Blessed are those servants, whom the Lord when He cometh shall find watching.@Luke 12:37

Joseph Addison, in The Spectator, London, issue 489, September 20, 1712. The hymn followed an essay on Greatness as a source of pleasure to the imagination, with special reference to the ocean; it was introduced with:

Great painters do not only give us Landskips of Gardens, Groves, and Meadows, but very often employ their Pencils on Sea-Pieces. I could wish you would follow their example. If this small Sketch may deserve a Place among your Works, I shall accompany it with a Divine ode, made by a Gentleman upon the Conclusion of his Travels.

Praetorius Harmoniae Hymnorum Scholae Gorlicensis, 1599 (🔊 pdf nwc).

Joseph Addison (1672-1719)

How are Thy servants blest, O Lord!
How sure is their defense!
Eternal wisdom is their guide,
Their help Omnipotence.

In foreign realms, and lands remote,
Supported by Thy care,
Through burning climes they pass unhurt,
And breathe in tainted air.

Thy mercy sweetened every soil,
Made every region please:
The hoary Alpine hills it warmed,
And smoothed the Tyrrhene seas.

Think, O my soul, devoutly think,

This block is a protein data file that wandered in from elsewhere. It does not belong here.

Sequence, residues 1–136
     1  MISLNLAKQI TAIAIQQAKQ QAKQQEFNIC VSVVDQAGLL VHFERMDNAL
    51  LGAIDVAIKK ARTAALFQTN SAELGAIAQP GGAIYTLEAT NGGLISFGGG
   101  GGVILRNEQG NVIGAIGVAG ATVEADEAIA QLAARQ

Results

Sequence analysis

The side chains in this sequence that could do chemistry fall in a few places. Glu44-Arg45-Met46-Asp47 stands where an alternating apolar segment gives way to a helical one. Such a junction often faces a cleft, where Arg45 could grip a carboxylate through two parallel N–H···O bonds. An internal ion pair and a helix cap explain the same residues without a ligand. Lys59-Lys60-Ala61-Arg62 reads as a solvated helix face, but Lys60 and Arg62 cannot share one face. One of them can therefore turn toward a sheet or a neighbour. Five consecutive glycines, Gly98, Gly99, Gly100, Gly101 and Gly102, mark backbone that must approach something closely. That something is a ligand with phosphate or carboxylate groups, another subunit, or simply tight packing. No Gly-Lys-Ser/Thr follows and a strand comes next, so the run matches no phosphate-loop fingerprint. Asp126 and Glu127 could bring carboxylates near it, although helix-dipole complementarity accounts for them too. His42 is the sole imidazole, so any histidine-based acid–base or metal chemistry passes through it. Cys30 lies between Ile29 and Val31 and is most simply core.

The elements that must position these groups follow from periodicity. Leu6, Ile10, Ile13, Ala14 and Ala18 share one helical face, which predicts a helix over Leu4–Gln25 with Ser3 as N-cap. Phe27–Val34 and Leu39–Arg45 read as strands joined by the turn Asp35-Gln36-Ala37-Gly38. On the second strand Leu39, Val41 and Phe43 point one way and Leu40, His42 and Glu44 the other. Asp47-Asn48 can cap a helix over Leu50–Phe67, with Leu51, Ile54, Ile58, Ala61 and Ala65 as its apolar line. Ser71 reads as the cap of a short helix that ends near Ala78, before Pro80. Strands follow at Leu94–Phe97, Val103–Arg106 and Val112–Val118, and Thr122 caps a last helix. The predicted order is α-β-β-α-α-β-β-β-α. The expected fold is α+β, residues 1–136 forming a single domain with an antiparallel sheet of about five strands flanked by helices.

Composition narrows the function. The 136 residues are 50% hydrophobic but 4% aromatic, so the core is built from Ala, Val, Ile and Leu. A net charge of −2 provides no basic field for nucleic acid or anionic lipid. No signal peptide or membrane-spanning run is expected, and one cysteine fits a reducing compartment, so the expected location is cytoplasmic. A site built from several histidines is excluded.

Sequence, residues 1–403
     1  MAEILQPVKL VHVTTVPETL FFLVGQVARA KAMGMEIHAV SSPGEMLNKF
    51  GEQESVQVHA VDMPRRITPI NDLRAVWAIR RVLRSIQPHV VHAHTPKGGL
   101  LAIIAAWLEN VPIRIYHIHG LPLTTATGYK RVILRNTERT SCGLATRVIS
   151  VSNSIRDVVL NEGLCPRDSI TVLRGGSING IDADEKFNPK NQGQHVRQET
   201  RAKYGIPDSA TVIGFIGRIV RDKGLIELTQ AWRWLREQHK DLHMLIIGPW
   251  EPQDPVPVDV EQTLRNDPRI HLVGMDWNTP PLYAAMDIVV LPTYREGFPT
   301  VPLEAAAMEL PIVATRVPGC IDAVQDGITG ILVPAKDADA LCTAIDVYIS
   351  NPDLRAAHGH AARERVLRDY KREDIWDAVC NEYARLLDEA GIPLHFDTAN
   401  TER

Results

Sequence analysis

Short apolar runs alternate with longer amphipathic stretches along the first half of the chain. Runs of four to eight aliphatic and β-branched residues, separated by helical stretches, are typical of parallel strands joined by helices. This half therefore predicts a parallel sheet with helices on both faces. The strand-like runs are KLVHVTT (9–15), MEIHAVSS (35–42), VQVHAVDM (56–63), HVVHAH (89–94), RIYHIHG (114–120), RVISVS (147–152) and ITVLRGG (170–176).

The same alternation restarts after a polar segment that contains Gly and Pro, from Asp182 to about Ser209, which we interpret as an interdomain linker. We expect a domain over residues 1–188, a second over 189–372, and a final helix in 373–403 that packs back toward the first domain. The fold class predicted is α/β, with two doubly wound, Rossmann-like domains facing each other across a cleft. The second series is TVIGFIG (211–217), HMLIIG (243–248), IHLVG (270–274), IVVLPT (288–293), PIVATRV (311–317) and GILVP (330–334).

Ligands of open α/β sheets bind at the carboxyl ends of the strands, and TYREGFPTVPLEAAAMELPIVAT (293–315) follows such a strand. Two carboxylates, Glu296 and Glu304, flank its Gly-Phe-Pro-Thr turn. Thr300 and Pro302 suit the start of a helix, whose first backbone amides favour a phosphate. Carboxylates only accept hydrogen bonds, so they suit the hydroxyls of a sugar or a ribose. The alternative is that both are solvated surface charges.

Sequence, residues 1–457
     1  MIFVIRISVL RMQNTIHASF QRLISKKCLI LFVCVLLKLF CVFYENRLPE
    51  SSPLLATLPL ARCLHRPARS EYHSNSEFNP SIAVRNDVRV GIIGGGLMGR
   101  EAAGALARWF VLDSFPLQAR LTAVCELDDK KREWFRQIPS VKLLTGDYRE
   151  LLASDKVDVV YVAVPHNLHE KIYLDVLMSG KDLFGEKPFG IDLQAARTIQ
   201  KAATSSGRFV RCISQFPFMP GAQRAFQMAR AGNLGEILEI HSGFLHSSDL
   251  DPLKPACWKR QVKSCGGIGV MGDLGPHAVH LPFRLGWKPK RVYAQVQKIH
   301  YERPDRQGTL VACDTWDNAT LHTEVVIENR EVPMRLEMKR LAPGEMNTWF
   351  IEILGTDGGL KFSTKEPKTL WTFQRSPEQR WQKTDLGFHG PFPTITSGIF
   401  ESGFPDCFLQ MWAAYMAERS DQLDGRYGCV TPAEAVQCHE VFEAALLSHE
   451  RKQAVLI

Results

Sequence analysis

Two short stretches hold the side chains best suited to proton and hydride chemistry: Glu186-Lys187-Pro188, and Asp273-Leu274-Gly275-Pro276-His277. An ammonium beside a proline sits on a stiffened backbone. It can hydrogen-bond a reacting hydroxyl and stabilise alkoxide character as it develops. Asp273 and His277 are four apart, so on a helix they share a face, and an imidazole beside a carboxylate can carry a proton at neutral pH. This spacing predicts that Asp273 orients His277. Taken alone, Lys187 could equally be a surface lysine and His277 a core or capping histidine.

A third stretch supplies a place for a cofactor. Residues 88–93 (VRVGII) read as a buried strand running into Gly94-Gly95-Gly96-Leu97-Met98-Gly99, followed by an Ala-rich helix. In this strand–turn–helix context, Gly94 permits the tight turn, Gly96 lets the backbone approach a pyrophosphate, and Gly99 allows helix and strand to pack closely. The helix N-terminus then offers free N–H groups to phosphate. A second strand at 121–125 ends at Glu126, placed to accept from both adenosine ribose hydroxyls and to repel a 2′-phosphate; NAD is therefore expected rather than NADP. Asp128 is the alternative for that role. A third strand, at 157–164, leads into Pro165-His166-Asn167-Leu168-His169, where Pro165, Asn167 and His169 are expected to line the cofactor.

How with affrighted eyes
Thou sawest the wide-extended deep
In all its horrors rise!

Confusion dwelt on every face,
And fear in every heart;
When waves on waves, and gulfs on gulfs,
O’ercame the pilot’s art.

When by the dreadful tempest borne
High on the broken wave,
They know Thou art not slow to hear,
Nor impotent to save.

The storm is laid, the winds retire,
Obedient to Thy will,
The sea, that roars at Thy command,
At Thy command is still.

From all our griefs and fears, O Lord,
Thy mercy sets us free;
While in the confidence of prayer
Our hearts take hold on Thee.

In midst of dangers, fears and death,
Thy goodness we adore;
We praise Thee for Thy mercies past,
And humbly hope for more

Our life, while Thou preservest life,
A sacrifice shall be;
And death, when death shall be our lot,
Shall join our souls to Thee.